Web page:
Why I Don't Follow the 'Relationship Rules'

Updated: Jan 19, 2021

In a recent Facebook post asking people to express views and opinions on marriage and relationships, my friend Christopher Frary recently said: “I think it's harder in this day and age to have that long term life marriage for a lot of reasons. Fortunately, it's also more acceptable for people to define their marriages the way they want to by defining the foundations of their own relationships—what's acceptable, what you're comfortable with, what your hard lines are, etc. You need communication and respect, and let's throw in some lust and trust too, but I'm not convinced there is one true kind of love or that there is one soulmate out there for everyone.” You have no fucking idea how refreshing it is to hear this from a man. To know—even if he is only my friend—that at least one of them understands this liberating idea, and that there may be hope for the other men out there that haven't gotten it yet, is comforting. I have tried to explain this exact concept to numerous now exes who continually tried to fit me into some kind of 'wife' Jell-o mold that I will just never fit into. Point of fact I make a great lasagna, but I cannot for the life of me make Jell-O, so right there my 'wife' credentials are totally shot.


Far too many of the men I have dated seemed to think that 'settling down' with me had to mean a white picket fence and 2.5 kids. A lot of my male and female friends seem to live under the same delusions, and their relationships also seem to suffer because of that. Personally, I don't even like picket fences, but it seems like this ideal is imposed on me and people in general from so many sides of society that it can be overwhelming and make you not want to date at all. Thankfully I was not raised with this ideal by my parents as many people are. My parents don't even share the same last name, but they are still happy together after forty-one years because they have defined their relationship together, the way they wanted to a long time ago.


Would I like to wake up to the same person every day? I like routine, so honestly: yes. Do I want kids? I'm not sure anymore. Kids are a lot of fun, and generally don't try to decide who you are within the first three minutes of meeting you, but after looking up at the apocalyptical skies over Prince George this summer I'm not sure it is wise for anyone to bring more life to this planet. That is a whole other blog post again, but it makes me fairly certain that the traditional outline of a relationship will be a structure that I am not made for, no matter how many people—men in particular—seem to want to believe otherwise.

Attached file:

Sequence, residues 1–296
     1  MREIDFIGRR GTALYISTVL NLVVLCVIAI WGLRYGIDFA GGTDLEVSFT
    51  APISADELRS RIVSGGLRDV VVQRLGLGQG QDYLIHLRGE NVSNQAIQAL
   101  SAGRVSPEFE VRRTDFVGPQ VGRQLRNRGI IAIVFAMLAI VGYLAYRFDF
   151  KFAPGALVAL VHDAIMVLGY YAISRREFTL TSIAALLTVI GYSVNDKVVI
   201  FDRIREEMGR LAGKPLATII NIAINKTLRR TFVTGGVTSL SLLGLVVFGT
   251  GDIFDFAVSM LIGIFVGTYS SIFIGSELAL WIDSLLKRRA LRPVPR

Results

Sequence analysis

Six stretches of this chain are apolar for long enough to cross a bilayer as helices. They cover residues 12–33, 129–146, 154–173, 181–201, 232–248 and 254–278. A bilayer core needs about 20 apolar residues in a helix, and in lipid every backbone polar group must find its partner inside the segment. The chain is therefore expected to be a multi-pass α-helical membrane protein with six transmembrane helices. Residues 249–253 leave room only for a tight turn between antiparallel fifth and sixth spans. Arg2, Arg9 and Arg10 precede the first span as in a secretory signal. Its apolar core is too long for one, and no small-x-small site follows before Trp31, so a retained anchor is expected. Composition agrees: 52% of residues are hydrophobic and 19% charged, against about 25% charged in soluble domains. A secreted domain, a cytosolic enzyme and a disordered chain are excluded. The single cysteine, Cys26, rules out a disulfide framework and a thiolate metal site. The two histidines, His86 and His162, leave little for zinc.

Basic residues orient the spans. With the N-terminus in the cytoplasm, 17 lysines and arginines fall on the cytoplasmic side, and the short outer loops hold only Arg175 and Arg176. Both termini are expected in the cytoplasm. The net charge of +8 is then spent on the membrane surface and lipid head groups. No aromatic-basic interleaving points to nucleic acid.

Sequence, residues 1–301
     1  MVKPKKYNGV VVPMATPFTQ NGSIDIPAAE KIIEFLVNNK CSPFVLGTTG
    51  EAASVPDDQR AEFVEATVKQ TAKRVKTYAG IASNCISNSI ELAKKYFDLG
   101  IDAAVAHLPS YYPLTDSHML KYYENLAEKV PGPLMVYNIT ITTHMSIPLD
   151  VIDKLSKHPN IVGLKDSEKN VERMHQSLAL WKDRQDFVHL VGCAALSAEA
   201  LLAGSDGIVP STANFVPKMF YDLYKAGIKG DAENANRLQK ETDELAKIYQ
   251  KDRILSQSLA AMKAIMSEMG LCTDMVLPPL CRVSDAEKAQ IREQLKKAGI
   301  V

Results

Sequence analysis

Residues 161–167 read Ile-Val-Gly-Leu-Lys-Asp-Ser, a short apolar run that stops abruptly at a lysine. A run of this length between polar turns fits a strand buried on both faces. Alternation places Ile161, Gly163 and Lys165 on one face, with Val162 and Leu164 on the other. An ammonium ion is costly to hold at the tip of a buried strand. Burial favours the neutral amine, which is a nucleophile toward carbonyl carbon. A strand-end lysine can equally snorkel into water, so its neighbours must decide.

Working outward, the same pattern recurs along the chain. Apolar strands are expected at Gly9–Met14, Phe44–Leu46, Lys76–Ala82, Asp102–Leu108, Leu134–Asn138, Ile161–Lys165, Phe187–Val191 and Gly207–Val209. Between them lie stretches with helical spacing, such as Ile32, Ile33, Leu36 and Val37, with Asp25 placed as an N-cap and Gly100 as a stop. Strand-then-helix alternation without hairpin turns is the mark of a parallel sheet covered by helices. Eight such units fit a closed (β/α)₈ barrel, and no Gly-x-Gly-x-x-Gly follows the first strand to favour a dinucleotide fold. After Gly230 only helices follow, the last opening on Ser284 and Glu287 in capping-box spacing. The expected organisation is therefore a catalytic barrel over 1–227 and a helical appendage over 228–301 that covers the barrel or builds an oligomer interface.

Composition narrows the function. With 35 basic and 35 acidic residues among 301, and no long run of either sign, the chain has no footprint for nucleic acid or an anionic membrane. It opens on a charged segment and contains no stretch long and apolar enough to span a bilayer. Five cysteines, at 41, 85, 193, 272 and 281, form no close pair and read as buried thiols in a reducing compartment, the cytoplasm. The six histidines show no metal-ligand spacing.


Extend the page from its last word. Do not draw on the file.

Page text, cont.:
I think that by this time in the long history of the world there are so many examples of what a relationship can look like that are available to us through media or in our communities. Just this summer I actually met a very cool couple who make up a band called 'The Grid Pickers' (https://thegridpickers.com/). They are extremely talented and fun to listen to, and you should check them out btw. They travel the festival circuit in the summer on a bus with their five kids playing music. In winter they settle into life on their family farm where they also spend time cutting their albums. If I have to pick a cookie cutter by which to outline my relationship with, then I pick that one, but wouldn't it be nice if everyone could define their own relationship by whatever guidelines fit them and their partner best? Like my parents, I'm pretty sure that's what the Grid Pickers did, and they all seem pretty happy with their decisions. I can't say that for a lot of my friends who are busy trying to groom themselves and their partners for their future unaffordable suburban mansions and minivans, or is it an SUV now?


The real downside to this imposition of the ridiculous 'relationship rules' is that all of these people running around trying to find the kind of relationships that they think society wants them to have is making it hard for those of us who are actually looking for a real-life partner to have a real-life relationship with. If I ever do find someone that I think I really want to settle down with, I'm going to listen to people like Chris Frary, and follow the examples set by people like my parents and the Grid Pickers. In the meantime, I'll continue road tripping with my way-too-adventurous-to-be-17-years-old cat, and writing poetry, because that's a lot more fun than being defined by someone who doesn't even know how to define relationships or themselves.

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